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Wednesday, February 05, 2014

Catch up with Bhubesi Pride team members ahead of 2014 mission

After two terrific projects, Bhubesi Pride – which registered as a UK charity in August last year – is in the final stages of preparation for its third rugby development expedition through Africa. We caught up with them in Murrayfield, Scotland. 

The Murrayfield visit is part of a training regimen that includes intensive coach education, first aid and driver training. It's also another way for the new team to get to know one another.

Bhubesi Pride's commitment to delivering projects has resulted in this being the third mission for the young charity. Once again, an excellent and diverse team of coaches has been selected.

With the process of making people aware of the unique opportunity to be part of their driving expedition through ten countries, two members of Bhubesi Pride's 2014 team came to know of the charity thanks to the posts and videos we promoted on Rugbydump last year.

Oliver Munns and Ed Taylor spoke to us as each prepared for their special journeys.

Cambridge graduate Munns has been playing rugby almost all his life and will be part of the coaching team for the full five months. His journey will take him and his fellow comrades from Edinburgh on 5th February out to Ethiopia and Kenya by air.

In Nairobi this 'Pride' of rugby coaching adventurers joins up with their Land Rover vehicles, prepped for a further 15,000 km mission through Uganda, Rwanda, Tanzania, Malawi, Zambia, Botswana, Namibia and finishing in South Africa on 3 July.

Munns, 22, told Rugbydump, "I first heard about Bhubesi Pride's work on Rugbydump, watching the videos and following the 2013 team. I've personally got so much out of playing sport, especially rugby, over the years. Friends, memories, confidence in myself, and belief in hard work.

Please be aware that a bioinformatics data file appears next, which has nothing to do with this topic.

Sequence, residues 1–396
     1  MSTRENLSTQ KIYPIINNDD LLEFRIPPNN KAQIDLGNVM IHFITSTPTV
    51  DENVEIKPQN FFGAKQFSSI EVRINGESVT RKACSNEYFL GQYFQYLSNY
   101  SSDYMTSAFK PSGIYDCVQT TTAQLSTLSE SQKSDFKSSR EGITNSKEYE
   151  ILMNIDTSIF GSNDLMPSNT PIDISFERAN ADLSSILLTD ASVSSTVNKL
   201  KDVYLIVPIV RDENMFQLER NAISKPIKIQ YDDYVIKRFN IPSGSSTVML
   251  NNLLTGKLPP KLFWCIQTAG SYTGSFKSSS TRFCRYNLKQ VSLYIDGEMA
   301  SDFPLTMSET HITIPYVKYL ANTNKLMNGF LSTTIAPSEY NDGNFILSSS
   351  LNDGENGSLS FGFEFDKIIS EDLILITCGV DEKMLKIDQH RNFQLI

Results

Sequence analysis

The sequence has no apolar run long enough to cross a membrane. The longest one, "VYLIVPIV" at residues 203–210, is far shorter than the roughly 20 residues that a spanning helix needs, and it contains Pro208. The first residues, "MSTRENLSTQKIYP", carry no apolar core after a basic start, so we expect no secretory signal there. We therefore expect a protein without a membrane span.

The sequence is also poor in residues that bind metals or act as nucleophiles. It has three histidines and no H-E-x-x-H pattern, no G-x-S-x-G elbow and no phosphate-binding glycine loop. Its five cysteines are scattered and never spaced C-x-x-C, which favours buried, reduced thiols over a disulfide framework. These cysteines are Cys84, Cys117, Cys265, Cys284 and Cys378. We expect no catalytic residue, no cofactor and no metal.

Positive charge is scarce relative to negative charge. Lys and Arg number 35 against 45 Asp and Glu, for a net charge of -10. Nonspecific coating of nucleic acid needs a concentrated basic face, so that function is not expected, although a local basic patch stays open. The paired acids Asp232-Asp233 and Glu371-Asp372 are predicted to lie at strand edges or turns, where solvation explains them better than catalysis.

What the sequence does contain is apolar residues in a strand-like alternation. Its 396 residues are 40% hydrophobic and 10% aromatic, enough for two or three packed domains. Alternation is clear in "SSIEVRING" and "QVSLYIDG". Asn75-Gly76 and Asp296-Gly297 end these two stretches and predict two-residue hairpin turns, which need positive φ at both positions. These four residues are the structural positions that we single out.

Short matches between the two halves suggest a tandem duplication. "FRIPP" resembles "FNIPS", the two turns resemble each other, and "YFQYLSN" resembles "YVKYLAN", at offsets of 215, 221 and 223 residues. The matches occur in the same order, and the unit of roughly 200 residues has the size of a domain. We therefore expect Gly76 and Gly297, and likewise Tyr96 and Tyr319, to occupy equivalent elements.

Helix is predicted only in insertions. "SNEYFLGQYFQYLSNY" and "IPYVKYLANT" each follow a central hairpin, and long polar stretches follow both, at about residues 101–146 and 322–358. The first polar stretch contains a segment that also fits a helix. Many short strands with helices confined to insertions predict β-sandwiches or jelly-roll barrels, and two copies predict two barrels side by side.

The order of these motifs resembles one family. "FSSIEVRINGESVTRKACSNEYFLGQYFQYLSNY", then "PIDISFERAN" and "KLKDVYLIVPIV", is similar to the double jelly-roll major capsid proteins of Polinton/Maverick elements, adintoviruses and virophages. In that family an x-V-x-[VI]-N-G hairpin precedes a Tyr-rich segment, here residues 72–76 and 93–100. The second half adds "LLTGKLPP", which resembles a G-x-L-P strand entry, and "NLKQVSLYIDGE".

"However the opportunities I've enjoyed aren't always available to those who maybe need them most. Bhubesi Pride is giving these opportunities to people with little else. I want to be a part of that," he said.

Munns and his volunteer colleagues will lead coaching sessions in 12 African locations, a week at a time, over the course of a 157-day action-packed itinerary.

He'll coach up to 5 hours per day and prepare boys and girls for huge tournament days at the end of each week, supported by global sponsors and attended by journalists, national rugby unions, government officials and local club players.

"Rugby is such a fun game to play. I'm looking forward to making friends with the rest of the team and driving through eastern and southern Africa. How many people can say they've done that?!

"And of course unpacking my FLYA teamwear kit when we meet in a few weeks will be great; like an international team on stash day!

"Experiencing the different cultures of the places we visit will be amazing. Meeting different people, seeing the variety of landscapes and cultures. The individuals we meet will undoubtedly be living completely different lives to what I'm used to.

"I can't wait to get the chance to connect with people on that level."

Rugby coaching enthusiast Taylor, 23 – also based in London – is no stranger to maximising the power of rugby with young people. He runs initiatives with Harlequins, Saracens and the RFU. He'll be joining Munns and Bhubesi Pride's team in Uganda, Rwanda and Tanzania for the shorter period of one month – an option you can take with the charity if five months seems a bit hectic!

Taylor told us, "Seeing Bhubesi Pride on Rugbydump, I was inspired by watching rugby being played in some of the remotest parts of the world and witnessing the good that it can bring to all who are involved. I decided to submit my application so I too could hopefully help pass on all the good messages our sport promotes.

"I am also looking to gain loads of coaching experience to take back to my work in England, learning about the wider process of how the whole project is put together. This is the type work I would like to do in the future. I am very excited about immersing myself in new cultures, learning how communities live in the countries I’m visiting and how sport affects their lives."

In a final thought for RD readers, Munns offered this sentiment: "Don't just watch the videos, live the game. Get down to your local club and support, play, get a qualification and coach. Or be a legend and apply for Bhubesi Pride’s next expedition in 2015!"

Looking ahead to the stories we’ll hear from these guys over the next six months, Taylor adds, "Watch the videos Rugbydump puts up and see all the positive difference your favourite sport can do for everyone who participates."

Read more about Munns and Taylor on their individual profile pages on Bhubesi Pride’s website and, as the guys said, why not apply for 2015. The charity is accepting applications now. Catch up with Bhubesi Pride's 2013 project work videos Munns and Taylor are referring to here.

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